posted by Melismata at 2:11 PM on October 1, 2020 [5 favorites]


As Melismata suggests, this anecdote is told in a slightly different form in Laura Ingalls Wilder's original unpublished autobiographical manuscript "Pioneer Girl", which was finally published with a ton of research and annotations in 2014. (Highly recommended!)

In Pioneer Girl (starting on page 101), she tells the story as happening in Burr Oak, Iowa, during the time she and her family lived there. She doesn't claim that she was in the room, and she could certainly just have heard it as a tale going around.

In this version, the big boy is named "Mose", and the teacher Mr. Reed trips/pulls Mose so he lands face-down across Reed's lap, and then Reed spanks him with a "large, flat, very strong ruler he had just had made." All the other big boys laugh at Mose, and Mose leaves the school and never comes back.

The editor's footnote mentions the appearance of a version of this story in "Farmer Boy" and says LIW might well have adapted it. All of the Little House books were crafted and shaped and fictionalized, even Big Woods...reading Pioneer Girl and the footnotes can help add perspective to the issue.
posted by theatro at 2:12 PM on October 1, 2020 [2 favorites]


Well...when I was in school in Toronto in the 1970s, there was The Strap. It hung on a peg in the hallway and it had a chair underneath it where the bad boys (always boys) sat and had to wait for the principal to come out and solemnly strap them.

In class, my grade 1 teacher, Mme Davidson, applied a metre stick (yardstick for you Americans, but it was NEW at the time) over the bottom of Nicole i-think-her-last-name-was Petit, having pulled her skirt up and exposed her underwear. The teacher broke the stick.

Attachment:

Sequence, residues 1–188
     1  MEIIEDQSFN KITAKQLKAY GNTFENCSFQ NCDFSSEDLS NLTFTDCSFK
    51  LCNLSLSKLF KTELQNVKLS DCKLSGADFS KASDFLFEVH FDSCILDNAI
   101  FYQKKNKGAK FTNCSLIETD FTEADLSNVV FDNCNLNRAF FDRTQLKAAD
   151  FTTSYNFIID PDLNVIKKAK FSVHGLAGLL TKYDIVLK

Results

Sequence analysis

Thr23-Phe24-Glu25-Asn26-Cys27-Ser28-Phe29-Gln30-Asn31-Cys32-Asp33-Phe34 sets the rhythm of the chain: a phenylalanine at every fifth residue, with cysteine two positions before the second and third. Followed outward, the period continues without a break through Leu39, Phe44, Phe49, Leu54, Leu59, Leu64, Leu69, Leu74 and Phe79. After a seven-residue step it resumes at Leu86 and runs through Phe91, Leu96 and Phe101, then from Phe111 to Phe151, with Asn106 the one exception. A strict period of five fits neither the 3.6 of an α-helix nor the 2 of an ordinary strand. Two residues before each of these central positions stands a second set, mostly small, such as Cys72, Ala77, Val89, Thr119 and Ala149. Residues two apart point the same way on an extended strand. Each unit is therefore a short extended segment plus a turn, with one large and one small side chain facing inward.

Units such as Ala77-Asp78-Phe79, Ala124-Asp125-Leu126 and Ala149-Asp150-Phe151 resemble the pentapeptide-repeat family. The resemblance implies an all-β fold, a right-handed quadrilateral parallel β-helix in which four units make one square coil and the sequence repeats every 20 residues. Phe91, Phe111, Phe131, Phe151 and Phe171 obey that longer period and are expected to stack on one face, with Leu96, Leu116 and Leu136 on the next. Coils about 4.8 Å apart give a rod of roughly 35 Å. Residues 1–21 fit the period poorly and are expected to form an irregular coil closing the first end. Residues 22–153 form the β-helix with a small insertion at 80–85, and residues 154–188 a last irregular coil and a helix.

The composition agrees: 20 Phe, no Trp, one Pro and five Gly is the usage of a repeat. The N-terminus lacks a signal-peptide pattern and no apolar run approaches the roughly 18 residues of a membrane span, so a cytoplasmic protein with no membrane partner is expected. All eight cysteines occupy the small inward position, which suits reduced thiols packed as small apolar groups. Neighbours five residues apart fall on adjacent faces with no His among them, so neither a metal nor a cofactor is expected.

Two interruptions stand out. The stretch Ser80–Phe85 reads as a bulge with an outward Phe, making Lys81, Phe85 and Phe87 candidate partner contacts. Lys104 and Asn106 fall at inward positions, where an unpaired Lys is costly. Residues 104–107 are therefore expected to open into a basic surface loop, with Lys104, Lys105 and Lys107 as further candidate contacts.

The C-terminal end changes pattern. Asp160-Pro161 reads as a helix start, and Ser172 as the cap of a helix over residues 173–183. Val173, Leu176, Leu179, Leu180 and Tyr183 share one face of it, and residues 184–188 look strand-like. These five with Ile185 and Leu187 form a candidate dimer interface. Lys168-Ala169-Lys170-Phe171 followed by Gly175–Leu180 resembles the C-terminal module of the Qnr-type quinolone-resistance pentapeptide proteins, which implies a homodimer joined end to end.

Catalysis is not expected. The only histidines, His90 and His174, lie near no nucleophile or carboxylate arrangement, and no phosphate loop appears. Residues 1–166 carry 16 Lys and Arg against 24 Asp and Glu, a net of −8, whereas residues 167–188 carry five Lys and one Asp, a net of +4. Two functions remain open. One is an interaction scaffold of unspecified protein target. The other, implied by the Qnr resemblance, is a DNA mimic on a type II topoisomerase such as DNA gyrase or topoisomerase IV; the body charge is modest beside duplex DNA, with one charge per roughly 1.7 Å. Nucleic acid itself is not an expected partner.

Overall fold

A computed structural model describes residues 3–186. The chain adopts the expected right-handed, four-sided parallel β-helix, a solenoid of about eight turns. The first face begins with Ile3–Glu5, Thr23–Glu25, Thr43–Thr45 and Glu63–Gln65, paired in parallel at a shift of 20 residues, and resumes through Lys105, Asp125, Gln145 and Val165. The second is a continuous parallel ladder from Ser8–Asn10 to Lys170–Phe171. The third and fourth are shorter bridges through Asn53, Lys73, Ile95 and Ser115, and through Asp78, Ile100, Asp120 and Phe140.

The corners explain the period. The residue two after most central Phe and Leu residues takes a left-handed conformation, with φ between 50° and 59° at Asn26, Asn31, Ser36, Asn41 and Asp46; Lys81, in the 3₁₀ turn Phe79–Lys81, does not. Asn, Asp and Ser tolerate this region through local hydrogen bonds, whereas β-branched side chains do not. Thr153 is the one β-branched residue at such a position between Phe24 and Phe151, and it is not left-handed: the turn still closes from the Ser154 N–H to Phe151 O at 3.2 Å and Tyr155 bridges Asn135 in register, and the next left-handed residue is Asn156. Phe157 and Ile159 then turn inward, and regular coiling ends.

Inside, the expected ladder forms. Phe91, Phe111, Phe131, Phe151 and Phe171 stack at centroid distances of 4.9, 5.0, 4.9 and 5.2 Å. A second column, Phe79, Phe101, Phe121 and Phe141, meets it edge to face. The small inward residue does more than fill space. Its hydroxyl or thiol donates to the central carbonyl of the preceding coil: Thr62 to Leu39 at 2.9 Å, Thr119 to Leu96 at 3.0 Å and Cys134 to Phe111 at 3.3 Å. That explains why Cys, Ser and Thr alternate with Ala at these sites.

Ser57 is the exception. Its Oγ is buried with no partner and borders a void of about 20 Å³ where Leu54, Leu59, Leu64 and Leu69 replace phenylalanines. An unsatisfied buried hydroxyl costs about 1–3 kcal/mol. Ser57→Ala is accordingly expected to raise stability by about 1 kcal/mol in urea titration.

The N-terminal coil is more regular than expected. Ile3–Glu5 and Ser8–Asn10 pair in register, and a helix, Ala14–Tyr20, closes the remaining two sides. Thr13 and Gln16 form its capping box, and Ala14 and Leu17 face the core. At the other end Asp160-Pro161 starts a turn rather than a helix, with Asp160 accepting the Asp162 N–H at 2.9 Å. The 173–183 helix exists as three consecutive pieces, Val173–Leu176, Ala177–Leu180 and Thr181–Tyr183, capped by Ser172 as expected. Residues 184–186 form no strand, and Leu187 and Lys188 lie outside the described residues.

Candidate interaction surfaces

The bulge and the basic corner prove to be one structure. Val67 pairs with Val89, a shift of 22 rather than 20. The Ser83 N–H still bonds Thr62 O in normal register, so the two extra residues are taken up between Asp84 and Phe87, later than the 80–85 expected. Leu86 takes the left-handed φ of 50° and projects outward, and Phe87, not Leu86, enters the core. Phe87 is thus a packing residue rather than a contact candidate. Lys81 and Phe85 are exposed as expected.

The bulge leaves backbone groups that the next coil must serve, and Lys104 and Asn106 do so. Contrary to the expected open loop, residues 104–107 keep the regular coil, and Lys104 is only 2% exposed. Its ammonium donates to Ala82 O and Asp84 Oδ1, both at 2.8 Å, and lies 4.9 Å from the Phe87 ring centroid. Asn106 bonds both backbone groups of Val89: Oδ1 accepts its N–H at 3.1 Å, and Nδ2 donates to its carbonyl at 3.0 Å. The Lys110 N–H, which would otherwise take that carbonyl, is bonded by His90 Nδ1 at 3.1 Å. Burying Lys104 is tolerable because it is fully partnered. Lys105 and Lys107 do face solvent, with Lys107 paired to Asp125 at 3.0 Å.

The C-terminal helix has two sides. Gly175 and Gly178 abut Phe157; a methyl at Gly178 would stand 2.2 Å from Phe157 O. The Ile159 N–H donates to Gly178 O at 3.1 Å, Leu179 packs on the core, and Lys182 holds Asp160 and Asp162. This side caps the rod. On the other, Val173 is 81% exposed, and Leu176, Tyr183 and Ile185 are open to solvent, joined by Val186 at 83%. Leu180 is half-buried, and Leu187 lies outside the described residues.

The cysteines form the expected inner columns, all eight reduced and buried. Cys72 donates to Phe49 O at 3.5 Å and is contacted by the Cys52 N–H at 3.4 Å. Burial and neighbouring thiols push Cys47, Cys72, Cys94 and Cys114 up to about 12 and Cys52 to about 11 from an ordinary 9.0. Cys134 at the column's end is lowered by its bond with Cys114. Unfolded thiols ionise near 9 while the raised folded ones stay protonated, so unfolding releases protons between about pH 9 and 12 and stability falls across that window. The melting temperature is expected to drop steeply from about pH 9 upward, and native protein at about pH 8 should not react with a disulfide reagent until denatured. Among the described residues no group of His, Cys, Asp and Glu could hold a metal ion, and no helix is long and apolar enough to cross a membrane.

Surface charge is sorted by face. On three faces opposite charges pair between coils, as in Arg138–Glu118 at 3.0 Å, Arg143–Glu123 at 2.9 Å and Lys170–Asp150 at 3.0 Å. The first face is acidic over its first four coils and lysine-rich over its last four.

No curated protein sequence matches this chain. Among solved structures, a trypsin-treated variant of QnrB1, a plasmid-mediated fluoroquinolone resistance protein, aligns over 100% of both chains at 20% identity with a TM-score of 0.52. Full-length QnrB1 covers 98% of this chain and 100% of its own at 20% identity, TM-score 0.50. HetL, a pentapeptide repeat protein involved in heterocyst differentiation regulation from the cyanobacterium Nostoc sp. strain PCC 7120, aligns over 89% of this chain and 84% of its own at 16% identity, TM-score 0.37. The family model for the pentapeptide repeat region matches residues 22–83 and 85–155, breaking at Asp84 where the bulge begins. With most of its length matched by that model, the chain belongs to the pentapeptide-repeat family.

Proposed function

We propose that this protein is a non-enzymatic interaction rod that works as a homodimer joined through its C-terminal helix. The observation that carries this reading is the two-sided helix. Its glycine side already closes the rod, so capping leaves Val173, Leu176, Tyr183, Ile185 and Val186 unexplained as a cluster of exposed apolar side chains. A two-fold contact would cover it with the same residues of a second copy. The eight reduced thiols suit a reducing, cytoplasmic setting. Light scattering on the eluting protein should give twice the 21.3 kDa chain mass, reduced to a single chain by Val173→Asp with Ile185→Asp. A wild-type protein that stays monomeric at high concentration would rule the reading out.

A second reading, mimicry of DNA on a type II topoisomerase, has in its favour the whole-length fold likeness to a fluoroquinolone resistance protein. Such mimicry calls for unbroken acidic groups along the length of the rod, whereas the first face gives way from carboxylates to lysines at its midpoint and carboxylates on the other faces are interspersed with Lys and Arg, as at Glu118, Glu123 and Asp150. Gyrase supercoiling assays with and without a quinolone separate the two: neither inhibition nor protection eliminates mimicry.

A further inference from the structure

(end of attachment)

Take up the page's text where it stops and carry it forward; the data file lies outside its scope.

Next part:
In grade 2, corporal punishment was outlawed, The Strap disappeared, and Mme Davidson had to take a year's leave of absence, probably to retrain. I had her again in grade 4 and instead of the metre stick I remember her screaming at Keith MacDonald "you are a pig! A slob! You will never ever amount to anything! You are garbage!"

I have and had no trouble believing in the verisimilitude of Farmer Boy's account, and I read it obsessively as a kid.
posted by warriorqueen at 3:56 PM on October 1, 2020 [5 favorites]


...I would actually have liked it if some older boys had chased Mme Davidson out of town.

I was teacher’s pet and complicit, for the record.
posted by warriorqueen at 4:00 PM on October 1, 2020 [4 favorites]


Just as a meta-note, much of the LW books aren't true, as in reported facts in sequence that really happened to the girl Laura Ingalls. Her daughter, Rose Wilder Lane, served as her editor and had a lot to do with how the books came together. Working on her mother's books turned out to become her main source of income. Rose embellished, added, omitted, and shuffled times and places to a great extent. Lane was an avowed Libertarian and has caught a lot of criticism for things like, as an example, omitting mentions of times when Laura's family accepted benefits from the government. Her life (and this work) is really well described in the book Ghost in the Little House.
posted by Miko at 4:47 PM on October 1, 2020 [11 favorites]